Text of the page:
Pew Research Center reports and data on the Millennial generation, those born after 1980 and the first generation to come of age in the new millennium.
Generations and Gadgets
While many tech devices have become popular across generations, Millennials are by far the most likely group not only to own most gadgets, but also to take advantage of a wider range of functions on those devices.
Generations Online in 2010
Even in online pursuits still dominated by Millennials — such as social networking use — older generations are making notable gains.
Lagging Youth Enthusiasm Could Hurt Democrats in 2010
Millennials continue to be among the strongest backers of Democratic candidates this fall, though their support for the Democratic Party has slipped since 2008. But young voters have given far less thought to the coming elections than have older voters, and this gap is larger than in previous midterms.
Adults, Cell Phones and Texting
Adults are increasingly using text messages to communicate, but they still text far less than teenagers, who send and receive, on average, five times more texts per day than adult texters.
Aren’t many Millennials just being “politically correct” in answering racial questions?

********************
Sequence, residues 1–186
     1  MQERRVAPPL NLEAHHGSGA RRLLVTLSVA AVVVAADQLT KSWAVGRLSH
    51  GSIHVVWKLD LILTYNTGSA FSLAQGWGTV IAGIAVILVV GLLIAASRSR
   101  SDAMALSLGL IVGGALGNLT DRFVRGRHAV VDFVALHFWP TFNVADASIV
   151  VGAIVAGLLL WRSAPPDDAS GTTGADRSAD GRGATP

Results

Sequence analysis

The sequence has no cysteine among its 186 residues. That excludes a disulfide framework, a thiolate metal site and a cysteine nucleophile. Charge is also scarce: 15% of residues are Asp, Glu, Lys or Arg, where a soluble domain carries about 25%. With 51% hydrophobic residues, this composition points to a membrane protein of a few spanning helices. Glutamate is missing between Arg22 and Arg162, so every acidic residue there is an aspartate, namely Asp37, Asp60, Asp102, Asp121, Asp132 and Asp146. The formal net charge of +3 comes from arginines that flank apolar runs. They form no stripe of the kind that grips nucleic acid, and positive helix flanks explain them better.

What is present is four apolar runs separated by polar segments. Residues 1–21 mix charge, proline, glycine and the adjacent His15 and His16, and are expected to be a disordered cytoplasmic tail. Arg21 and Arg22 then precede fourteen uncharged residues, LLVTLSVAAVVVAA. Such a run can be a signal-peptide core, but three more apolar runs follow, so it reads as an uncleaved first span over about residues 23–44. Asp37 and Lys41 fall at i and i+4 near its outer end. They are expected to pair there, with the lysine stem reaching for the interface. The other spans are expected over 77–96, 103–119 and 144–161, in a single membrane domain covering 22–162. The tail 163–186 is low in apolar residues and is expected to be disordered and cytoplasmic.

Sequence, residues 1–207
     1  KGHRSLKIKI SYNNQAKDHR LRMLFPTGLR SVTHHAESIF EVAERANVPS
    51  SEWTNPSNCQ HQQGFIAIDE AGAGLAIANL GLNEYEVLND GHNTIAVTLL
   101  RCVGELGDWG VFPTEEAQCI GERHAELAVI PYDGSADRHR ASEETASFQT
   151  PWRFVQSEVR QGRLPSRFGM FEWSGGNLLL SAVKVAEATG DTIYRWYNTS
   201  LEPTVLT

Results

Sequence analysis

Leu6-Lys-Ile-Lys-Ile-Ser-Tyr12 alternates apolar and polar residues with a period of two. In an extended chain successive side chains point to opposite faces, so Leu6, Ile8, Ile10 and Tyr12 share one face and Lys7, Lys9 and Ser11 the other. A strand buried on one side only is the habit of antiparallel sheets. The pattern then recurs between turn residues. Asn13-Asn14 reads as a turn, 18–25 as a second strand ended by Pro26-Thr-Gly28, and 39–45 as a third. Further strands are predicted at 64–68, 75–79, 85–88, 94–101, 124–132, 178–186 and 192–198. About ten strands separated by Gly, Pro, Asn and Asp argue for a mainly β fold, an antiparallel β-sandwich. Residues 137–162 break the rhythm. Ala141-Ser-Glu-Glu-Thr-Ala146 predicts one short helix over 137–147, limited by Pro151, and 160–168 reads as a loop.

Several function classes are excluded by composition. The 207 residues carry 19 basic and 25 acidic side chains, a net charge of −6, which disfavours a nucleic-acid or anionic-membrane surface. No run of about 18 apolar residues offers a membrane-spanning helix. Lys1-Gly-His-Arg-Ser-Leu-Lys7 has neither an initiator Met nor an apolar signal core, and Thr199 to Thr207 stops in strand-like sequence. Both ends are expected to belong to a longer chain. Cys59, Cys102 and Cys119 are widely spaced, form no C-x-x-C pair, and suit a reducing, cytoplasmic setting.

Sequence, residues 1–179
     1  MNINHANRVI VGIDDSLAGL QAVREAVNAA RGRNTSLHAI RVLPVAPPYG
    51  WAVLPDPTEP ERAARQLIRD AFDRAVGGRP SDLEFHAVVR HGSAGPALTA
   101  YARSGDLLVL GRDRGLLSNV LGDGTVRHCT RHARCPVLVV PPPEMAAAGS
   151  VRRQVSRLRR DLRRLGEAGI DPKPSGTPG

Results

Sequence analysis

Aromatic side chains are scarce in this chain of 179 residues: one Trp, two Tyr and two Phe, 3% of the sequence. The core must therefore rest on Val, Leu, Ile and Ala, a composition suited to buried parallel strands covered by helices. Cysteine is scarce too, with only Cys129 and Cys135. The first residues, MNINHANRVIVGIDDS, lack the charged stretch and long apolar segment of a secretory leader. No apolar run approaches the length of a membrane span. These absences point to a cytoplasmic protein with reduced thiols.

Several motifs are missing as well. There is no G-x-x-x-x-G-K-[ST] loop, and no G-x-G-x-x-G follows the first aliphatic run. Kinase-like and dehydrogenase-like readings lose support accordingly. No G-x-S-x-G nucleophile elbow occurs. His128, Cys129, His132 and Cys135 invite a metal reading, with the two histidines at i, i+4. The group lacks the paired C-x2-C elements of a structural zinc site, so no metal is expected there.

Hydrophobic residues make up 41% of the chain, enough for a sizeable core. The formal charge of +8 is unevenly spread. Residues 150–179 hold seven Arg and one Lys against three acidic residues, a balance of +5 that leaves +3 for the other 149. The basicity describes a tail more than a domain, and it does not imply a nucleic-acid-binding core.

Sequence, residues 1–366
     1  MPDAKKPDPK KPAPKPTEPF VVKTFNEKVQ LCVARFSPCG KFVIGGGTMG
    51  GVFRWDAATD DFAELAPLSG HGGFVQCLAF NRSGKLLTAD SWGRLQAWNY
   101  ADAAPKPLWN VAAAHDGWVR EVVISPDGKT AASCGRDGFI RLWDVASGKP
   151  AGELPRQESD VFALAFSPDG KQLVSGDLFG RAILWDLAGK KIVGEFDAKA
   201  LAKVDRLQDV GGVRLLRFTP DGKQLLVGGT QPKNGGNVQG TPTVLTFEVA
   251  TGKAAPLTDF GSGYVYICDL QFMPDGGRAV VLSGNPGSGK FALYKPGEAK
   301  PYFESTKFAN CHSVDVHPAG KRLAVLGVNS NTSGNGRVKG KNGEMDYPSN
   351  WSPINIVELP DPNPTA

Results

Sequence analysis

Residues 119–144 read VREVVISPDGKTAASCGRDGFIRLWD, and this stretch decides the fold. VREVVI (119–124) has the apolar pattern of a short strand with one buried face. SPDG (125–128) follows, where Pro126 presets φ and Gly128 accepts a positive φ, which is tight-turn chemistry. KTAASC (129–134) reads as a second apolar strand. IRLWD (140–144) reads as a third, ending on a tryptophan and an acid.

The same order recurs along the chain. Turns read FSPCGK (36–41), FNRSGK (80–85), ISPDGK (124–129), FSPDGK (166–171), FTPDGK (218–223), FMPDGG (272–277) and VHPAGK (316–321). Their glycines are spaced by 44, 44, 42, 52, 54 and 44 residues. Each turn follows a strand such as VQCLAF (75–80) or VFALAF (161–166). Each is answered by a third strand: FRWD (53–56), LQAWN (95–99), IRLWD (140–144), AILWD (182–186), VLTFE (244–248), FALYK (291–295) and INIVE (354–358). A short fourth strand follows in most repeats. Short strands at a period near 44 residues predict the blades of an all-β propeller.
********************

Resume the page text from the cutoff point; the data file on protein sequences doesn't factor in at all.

Senior research staff answer questions from readers relating to all the areas covered by our seven projects, ranging from polling techniques and findings, to media, technology, religious, demographic and global attitudes trends.
Millennials’ Likely Lifelong Online Sharing Habit
Technology experts generally believe that today’s tech-savvy young people — the ‘digital natives’ who are known for enthusiastically embracing social networking and other online tools — will retain their willingness to share personal information online even as they get older and take on more responsibilities.
Teens, Cell Phones and Texting
Fully 72% of all teens — or 88% of teen cell phone users — send text messages, up from 51% of in 2006. Among all teens, text messaging has now overtaken every other common form of interaction with their friends.
Young People Make Up Large Proportion of Census Hold-Outs
Younger Americans are found to be more likely to say they might not participate, even when analysis controls for other demographic characteristics.
The Return of the Multi-Generational Family Household
The multi-generational American family household is staging a comeback — driven in part by the job losses and home foreclosures of recent years, but more so by demographic changes that have been gathering steam for decades. As of 2008, a record 49 million Americans, or 16.1% of the total U.S. population, lived in such a household, up from 28 million, or 12.l%, in 1980. Such households had been more common a century ago, but began to fall out of favor after World War II. Now they are coming back.
Portrait of the Millennials
At a conference at the Newseum in Washington, D.C. on Wednesday, Feb. 24, 2010, Pew Research Center analysts and outside experts discussed research findings about the Millennial generation, the American teens and twenty-somethings now making the passage into adulthood. This first of three sessions provided a broad overview of the Millennial generation, examining their demographics, values, attitudes and behaviors, and discussing the results of the new study.